Anonymous source policies typically advise journalists not to use such sources to attack others. The reason? Anonymous sources can use a news outlet to unfairly take public shots in a private battle without any accountability. But the New York Daily News allowed just that in a Dec. 4 article about Fire Department of New York Chief of Department James Leonard. In this story, no sources of multiple attacks are named.
Update: Leonard was put on ‘modified assignment’ and removed from his position pending a review, today, Dec. 6. “While a review is conducted by the city’s Law Department concerning allegations of inappropriate behavior, Chief James Leonard has been relieved of his duties as Chief of Department effective today and placed on modified assignment,” the FDNY’s Frank Gribbon told iMediaEthics by e-mail. Gribbon said “Chief of Operations John Sudnik is serving as Acting Chief of Department.”
The article accuses Leonard of “pitting himself against the agency’s lone high-ranking woman in a bitter power struggle that may cost him his job.” However, the story, by Ginger Adams Otis, is entirely reliant on anonymous sources and “rumors” which the Society of Professional Journalists’ ethics code associates with poor journalism practices. The story breaks another traditional journalism ethics no-no by publishing a quotation attributed to an anonymous source that disparaged Leonard, and then the Daily News editor in an e-mail responding to iMediaEthics makes it worse by digging in and trying to defend doing so. The anonymous source is quoted as saying “You never know if you’re getting nice Jimmy or his other side — he’s like Dr. Jekyll and Mr. Hyde.”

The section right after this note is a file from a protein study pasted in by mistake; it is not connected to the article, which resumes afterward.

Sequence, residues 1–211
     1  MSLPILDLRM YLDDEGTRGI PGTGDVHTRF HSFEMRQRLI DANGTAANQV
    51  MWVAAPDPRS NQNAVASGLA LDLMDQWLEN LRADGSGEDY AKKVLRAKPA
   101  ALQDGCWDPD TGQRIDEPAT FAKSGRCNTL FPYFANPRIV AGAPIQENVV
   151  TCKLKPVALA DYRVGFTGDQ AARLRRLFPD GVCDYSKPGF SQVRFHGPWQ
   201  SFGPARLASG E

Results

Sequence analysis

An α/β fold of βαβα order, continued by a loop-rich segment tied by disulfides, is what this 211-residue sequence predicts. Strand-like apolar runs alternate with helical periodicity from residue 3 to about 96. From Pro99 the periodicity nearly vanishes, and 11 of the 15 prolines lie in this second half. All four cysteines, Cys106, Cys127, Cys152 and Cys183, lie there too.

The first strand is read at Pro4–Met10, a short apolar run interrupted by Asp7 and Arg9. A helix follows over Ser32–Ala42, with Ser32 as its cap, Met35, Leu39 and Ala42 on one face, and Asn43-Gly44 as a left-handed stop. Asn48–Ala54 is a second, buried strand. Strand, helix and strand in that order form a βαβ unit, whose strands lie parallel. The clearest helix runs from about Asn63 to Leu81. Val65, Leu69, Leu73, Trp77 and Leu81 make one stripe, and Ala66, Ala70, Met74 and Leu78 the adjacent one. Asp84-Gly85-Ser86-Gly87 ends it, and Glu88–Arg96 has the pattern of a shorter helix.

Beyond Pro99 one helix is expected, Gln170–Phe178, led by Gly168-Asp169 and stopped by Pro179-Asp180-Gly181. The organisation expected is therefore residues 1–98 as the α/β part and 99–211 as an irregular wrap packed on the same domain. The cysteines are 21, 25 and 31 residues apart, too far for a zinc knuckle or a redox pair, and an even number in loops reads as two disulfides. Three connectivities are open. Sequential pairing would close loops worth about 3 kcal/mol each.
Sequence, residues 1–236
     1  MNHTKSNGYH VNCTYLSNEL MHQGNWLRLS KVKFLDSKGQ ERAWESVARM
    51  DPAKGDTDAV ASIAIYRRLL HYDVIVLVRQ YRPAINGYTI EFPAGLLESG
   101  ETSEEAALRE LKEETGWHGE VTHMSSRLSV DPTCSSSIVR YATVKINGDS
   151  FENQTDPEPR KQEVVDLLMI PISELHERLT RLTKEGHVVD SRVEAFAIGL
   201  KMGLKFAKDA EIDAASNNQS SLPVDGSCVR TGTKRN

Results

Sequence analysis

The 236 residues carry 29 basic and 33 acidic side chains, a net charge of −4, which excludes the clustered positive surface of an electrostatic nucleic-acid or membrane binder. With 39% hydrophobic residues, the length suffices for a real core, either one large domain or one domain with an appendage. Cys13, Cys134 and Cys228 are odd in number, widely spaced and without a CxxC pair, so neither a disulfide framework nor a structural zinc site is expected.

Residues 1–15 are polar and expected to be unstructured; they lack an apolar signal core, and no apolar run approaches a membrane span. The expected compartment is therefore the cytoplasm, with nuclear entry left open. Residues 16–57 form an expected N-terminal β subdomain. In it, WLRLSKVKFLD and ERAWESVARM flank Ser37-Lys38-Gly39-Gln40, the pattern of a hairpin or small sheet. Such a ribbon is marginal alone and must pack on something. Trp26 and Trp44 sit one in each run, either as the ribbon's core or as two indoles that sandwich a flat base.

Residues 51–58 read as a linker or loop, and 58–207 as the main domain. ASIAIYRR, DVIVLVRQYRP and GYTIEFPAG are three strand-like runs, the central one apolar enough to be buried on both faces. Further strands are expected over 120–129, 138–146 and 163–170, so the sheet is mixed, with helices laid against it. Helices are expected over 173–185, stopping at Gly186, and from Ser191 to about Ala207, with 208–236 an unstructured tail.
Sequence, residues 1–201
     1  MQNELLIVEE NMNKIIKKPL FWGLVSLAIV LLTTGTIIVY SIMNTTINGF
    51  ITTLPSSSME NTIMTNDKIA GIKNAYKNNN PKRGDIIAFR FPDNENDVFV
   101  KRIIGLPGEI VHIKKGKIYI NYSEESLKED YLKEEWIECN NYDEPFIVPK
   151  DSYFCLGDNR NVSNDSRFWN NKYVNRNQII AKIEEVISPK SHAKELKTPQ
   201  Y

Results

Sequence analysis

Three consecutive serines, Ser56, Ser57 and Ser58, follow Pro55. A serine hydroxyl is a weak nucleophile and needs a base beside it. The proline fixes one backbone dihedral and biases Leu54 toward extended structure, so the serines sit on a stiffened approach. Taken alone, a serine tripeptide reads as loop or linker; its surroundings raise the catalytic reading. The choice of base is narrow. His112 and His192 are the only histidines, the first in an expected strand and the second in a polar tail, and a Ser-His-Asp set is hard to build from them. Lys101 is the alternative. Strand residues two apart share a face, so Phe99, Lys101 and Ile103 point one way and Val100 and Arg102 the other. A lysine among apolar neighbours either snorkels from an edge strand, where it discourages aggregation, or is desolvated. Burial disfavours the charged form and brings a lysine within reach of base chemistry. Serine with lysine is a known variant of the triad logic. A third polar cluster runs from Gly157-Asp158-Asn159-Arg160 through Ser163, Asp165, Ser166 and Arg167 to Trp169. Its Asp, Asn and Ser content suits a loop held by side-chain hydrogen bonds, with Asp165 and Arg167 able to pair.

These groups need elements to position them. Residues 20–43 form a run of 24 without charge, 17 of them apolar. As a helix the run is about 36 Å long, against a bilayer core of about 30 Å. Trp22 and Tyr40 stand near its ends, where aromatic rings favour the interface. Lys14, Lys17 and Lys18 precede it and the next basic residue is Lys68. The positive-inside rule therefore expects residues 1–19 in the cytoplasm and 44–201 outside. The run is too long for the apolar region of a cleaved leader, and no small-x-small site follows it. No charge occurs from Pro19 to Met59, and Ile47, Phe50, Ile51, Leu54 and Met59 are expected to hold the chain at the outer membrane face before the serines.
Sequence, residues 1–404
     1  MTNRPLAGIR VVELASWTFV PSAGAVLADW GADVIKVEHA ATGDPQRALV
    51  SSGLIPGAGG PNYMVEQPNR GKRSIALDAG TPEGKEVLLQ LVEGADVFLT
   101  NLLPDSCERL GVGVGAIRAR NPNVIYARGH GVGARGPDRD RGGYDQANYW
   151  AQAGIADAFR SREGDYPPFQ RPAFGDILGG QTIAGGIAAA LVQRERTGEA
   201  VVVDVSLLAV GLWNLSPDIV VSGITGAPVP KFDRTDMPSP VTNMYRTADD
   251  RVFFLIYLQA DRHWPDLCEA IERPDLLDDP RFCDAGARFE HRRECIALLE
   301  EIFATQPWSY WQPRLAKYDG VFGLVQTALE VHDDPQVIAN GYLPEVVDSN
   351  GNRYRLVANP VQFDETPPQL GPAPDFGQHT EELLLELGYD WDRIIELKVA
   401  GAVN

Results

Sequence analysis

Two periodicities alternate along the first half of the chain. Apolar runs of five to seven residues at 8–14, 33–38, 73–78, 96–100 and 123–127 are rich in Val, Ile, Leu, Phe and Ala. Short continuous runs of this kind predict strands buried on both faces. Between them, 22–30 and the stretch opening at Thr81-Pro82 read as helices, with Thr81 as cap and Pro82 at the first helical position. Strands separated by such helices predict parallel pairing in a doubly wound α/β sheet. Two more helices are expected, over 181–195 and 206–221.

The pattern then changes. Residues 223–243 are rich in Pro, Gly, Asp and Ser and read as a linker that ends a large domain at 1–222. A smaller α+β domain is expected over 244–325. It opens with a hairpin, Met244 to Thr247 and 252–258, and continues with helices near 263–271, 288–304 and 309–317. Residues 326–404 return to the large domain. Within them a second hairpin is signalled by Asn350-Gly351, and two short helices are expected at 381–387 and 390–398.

iMediaEthics asked the Daily News about the use of anonymous sources to criticize. The New York Daily News editor-in-chief Robert York told iMediaEthics, “I don’t agree with your assertion that disparaging comments were part of the sourced material in this story– it contained only descriptions of an individual’s observed behavior and, at one point, summed up with a 19th-century literary reference.”
So, according to the New York Daily News editor, if an anonymous source compares someone to a negative dual-nature character–one that is evil– it isn’t an attack on Chief Leonard’s character and a clear breach of media ethics standards but only an objective observation and 19th-century literary reference?
The article made serious character allegations against Leonard including stating that he has
- an “abrasive and aggressive manner,”
- used “misognyistic slurs,”
- a “tendency to shout at and berate other chiefs,”
- “an apparent deep dislike” of the “lone woman in the uppermost tier,”
- a similarity to “Dr. Jekyll and Mr. Hyde,”
- tried to”freeze” First Deputy Fire Commissioner Laura Kavanagh out,
- “publicly upbraided a popular FDNY chaplain — who happens to be a woman and a lesbian — after the Gay Pride Parade in 2015 for an imagined infraction.”
- “rumors that Leonard might be stepping down”
The story doesn’t list how many anonymous sources the Daily News used, or how they would be in a position to know what they allege. Were they just two sources for the article, or were each of the anonymous source attributions all separate people? Readers don’t know because sourcing only states “sources” — not how many, or if the same sources are responsible for all the information in the article or if different sources are responsible for different bits of information.
iMediaEthics has written to the Daily News reporter, Ginger Adams Otis, who wrote a book in 2015 about firefighting, Firefight: The Century-Long Battle to Integrate New York’s Bravest, to ask how many sources she had, what their relation to the story is, and what the Daily News anonymous source policy is.